Entrance Landscaping Changes

Post date: Sep 4, 2018 2:39:11 PM

Trees at the Front Entrance

On a side note, separate from the annual meeting, I wanted to provide an update about the work that will be done at the front entrance to the neighborhood.

For as long as I have been a member of the HOA board, we have been told that the trees at the front entrance were going to become a problem. We were told they were planted too close together and this would prevent their normal growth. Anytime we had contacted someone to trim the trees or improve the landscaping around the trees, the landscapers, trimmers or arborists would always tell us the same thing.

Since last year, we've had 2 Arborist, 4 tree companies, and a Master Gardener inform us the trees have Fire Blight and within a couple of years they would all die off. Last year the board noticed 6 trees looking unhealthy, this year several more are looking bad. It seems that the warnings from the professional landscapers are proving true and their recommendations have always been to remove the trees. In the past years the estimates to remove the trees have been cost prohibitive and from the looks of the trees in previous years seemed unwarranted. This year all but a few of the trees are showing signs of disease and loss of foliage, and a reputable tree trimming company has given us a bid to remove all the trees for half of any of the previous bids.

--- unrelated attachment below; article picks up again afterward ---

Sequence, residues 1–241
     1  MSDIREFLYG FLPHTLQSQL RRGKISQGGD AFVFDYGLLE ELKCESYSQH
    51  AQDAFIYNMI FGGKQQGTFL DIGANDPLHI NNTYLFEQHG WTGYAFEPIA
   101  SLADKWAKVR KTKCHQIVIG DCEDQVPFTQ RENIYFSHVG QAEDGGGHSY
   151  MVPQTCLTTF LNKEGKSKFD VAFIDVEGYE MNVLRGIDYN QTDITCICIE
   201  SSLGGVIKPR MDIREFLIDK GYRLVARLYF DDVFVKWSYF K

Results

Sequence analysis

From what I have read Bradford Pears have a 20 to 25 year life cycle, depending on the species. Our trees are about 17 years old or older. Considering the age, the disease, and that the trees have already noticeably deteriorated, we have decided to take advantage of a low bid to have the them removed before they begin to lose large limbs or fall over during high winds. After the removal, we will look to update the landscaping.

To keep the costs manageable, the work will be done in multiple phases.

    • Phase 1 Remove the trees and stumps, this should begin within the next 30 days.

    • Phase 2 Test the soil and restore nutrients within the soil for landscaping.

    • Phase 3 Replace some of the trees with fewer trees and new low maintenance landscaping.

Our hope is to complete the work over the next couple of years. We have the funds to cover the cost of removal, phase 1, plus some to contribute to Phase 2 and 3. Dues may need to increase to cover the completion of phase 3. As always volunteer labor, for phase 2 and 3 can help keep cost down. Hiring a contractor to complete the work can be as much as 10 times more expensive than if we only have to purchase material.

I will keep everyone updated as the project progresses. If you have any questions in the meantime, please feel free to write to myself at President@stonefieldcrossing.org or the board at board@stonefieldcrossing.org.

Thank You

Michael Bennett

President, Board of Directors

Back Island Trees

Middle Island Trees

Front Island Trees